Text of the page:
In the last arena help post, I talk about general arena gameplay. While I believe gameplay has a larger bearing on arena success than the draft, the draft is also a very important component of it. Here are some basic arena drafting tips.
- Arena is not constructed – Good constructed decks usually work together as a collective synergy. 30 tight cards working together for the win. Arena decks are more like a ragtag bunch of misfits. In that sense, good constructed cards are not necessarily good arena cards. Chillwind Yeti, a card you probably used before you opened some booster packs, is a solid arena card. Paladin secrets that are not Avenge or Noble Sac work great with constructed Riddler Paladins. You probably don’t want to pick Repentance for no reason in the Arena.
- Mana curve – The term mana curve is thrown around a lot, and it isn’t exactly clear what a “good” mana curve is. It depends on an individual’s playstyle. Aggro players will have a big wall of 2-drops, a good amount of 1’s and 3’s and little after that. Midrangy-slower types would have something resembling a normal bell curve. Some players preach 4-drop consistency, and that does fit the midrange type of deck. It all comes down to making sure your deck has balance, and does not get too clunky.
- Value vs speed – Small drops typically have less value than bigger ones. This is typically because small minions die easier, and are less useful in the late game. There has to be a balance between value and speed in a draft. You can go all speed and low value, but you have to commit to going face the whole way. You can go all value and low speed, but you will likely be overrun by an opponent. The value-speed balance is typically reflected in the mana curve, where you can tell when the curve looks funny.
- Too much of a good thing is bad – Flamestrike is a high value card, and it is always a card you want to draft. But how many are too much? A deck with 7 Flamestrikes is probably going to get clogged up and wind up being bad. When picking high-value, high-cost cards, don’t take too many. But take a few.
- Good spells are premium – Your arena deck is going to have more minions than spells. Some decks are 0-spell beatdown machines. When you do see a good spell though, it is important to draft them. Ideally, you’ll want large removals, AOE, and small removals in your deck. Point 4 applies here as well. If you’ve drafted 2 Flamestrikes and are offered one again with Fireball or Frostbolt, you take the smaller-cost spell.
- 2-drops – I talked about how important controlling the board is in the arena. Typically, the first minions to get summoned in a game are 2-drops. It is important to have a good few 2-drops in any deck, so you can ensure presence in your opening hand. Nothing sucks more than getting minions that cost 4 or more in your opening. Fast decks have a ton of 2-drops, but it is good to have at least 6 in any.
- Twofers – A sign of a good card in the arena is one that trades 2-for-1. Chillwind Yeti’s typically can trade in with 2 3-drops. Bomb Lobber can kill something with the bomb, and clean up something after. Harvest Golems are great.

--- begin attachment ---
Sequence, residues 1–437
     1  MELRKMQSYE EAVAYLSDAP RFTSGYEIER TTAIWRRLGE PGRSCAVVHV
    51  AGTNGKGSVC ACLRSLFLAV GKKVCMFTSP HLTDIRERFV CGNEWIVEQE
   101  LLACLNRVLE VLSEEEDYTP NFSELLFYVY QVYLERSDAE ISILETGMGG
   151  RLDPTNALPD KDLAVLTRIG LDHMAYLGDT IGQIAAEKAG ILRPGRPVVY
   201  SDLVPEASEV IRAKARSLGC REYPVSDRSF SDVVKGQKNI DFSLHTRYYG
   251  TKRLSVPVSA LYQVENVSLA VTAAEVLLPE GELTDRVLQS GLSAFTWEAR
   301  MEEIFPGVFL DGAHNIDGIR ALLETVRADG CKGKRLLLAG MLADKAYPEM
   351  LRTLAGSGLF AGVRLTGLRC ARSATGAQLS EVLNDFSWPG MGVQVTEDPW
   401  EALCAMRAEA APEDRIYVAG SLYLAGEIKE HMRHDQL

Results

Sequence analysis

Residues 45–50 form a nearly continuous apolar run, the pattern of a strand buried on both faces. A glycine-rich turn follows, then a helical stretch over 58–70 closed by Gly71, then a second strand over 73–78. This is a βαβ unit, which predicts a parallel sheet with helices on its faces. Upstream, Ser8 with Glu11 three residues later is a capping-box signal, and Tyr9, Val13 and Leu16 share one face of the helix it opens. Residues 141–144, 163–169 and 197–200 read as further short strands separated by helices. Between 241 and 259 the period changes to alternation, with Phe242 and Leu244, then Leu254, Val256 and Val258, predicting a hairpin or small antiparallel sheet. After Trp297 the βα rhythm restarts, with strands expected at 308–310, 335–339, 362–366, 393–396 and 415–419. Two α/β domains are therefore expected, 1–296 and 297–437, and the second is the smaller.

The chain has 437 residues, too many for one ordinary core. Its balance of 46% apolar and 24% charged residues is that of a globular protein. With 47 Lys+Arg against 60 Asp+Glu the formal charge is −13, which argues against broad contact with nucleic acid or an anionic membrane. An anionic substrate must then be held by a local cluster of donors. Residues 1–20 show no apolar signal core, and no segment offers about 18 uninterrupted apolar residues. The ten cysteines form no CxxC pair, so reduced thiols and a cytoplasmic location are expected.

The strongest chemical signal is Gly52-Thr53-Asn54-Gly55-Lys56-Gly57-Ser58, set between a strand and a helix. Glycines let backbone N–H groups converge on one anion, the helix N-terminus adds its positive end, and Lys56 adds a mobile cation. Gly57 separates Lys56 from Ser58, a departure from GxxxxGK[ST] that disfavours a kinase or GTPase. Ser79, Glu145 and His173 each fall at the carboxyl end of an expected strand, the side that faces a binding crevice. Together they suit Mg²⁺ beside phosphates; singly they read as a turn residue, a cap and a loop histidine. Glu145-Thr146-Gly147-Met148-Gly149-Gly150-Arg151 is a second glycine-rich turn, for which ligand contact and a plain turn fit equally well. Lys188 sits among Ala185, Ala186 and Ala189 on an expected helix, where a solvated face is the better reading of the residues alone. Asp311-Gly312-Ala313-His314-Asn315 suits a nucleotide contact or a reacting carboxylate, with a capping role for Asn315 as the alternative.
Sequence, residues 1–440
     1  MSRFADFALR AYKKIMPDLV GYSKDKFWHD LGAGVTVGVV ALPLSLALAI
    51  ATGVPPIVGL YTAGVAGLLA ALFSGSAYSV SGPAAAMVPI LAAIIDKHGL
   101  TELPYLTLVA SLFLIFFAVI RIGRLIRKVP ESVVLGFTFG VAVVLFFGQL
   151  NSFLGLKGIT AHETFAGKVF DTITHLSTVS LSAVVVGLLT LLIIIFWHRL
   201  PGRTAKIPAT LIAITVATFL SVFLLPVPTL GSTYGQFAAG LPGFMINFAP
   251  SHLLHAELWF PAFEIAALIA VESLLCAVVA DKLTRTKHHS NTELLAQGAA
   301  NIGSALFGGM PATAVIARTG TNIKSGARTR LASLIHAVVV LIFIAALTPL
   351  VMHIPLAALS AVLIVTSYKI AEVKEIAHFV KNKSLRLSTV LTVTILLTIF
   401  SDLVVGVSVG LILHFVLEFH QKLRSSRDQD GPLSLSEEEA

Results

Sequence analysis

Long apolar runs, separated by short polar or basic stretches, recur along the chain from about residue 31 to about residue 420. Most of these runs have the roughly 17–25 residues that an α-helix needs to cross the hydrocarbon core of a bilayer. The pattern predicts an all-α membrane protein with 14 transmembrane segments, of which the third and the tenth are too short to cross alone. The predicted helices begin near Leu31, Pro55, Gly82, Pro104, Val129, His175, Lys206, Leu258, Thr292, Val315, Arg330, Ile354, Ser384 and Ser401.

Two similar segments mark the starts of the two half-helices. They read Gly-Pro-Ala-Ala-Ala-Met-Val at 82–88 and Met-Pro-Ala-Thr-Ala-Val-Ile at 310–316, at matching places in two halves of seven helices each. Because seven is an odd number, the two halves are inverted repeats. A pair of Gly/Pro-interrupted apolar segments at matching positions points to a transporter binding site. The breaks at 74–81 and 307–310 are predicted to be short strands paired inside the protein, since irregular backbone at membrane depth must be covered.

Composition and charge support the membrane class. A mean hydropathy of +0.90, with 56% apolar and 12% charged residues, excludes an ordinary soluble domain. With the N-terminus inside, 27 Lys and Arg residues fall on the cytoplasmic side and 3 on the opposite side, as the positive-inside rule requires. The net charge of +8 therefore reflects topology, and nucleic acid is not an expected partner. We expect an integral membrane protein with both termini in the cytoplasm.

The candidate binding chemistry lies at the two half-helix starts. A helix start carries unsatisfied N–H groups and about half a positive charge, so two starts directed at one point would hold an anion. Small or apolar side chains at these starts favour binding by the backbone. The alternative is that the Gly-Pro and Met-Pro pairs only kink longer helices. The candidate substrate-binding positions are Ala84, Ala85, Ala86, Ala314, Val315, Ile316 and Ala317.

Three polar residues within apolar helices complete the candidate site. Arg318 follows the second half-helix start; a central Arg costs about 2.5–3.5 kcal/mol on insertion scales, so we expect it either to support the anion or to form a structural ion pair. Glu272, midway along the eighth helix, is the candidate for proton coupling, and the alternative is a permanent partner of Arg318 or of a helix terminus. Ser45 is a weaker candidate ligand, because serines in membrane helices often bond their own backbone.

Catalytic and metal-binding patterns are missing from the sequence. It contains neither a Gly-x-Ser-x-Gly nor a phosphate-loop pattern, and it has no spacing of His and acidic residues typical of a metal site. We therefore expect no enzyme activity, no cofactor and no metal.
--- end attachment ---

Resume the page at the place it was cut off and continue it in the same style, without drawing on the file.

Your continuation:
- Establish a win condition – Try to figure out a way to win with your deck. This could come in the form of a legendary minion, some inspire cards like Mukla’s Champion, a powerful spell like Savage Roar, etc. Having a win condition would not only help you win, but also will let you know if you are still in a game.
- Card cycling is useful – I struggle with card advantage often, so this is an important point. Topdecking against an opponent who has cards is almost a guaranteed loss. Have a few cards that either help your draw, or ones that can gain cards. The new Discover mechanic is good for card cycling.
- Synergies are good – An arena deck could have no synergy at all, or several variegated synergies. They come in handy in a pinch. Clockwork Knight for example, is a solid 5/5 that will give +1/+1 to a mech. This could allow your Spider Tank to survive Flamestrike (I know I mention this card a lot), which is crucial.
- The safe pick vs the sexy pick – The Arena gives people the chance to play cards they don’t have in their collection. The fun factor of the game does give a little leeway in swaying a fun pick. Before you make a decision, think if the difference between the cards you are choosing is worth it. If there isn’t too much risk, go for the sexy pick. If you feel the safe pick shores up a big void, then go safe. Typically, you want to go with the safe pick if you want to win. But for all other purposes, go with the flashy one.
- Draft cards you are comfortable with – Fel Reaver is a pretty good arena threat, but has a tremendous downside. It is probably a bad idea to draft a Fel Reaver just because it is considered good, but you are completely against the pick. Play cards you are comfortable with. This has some ties to the safe vs sexy pick, or what makes arena cards good.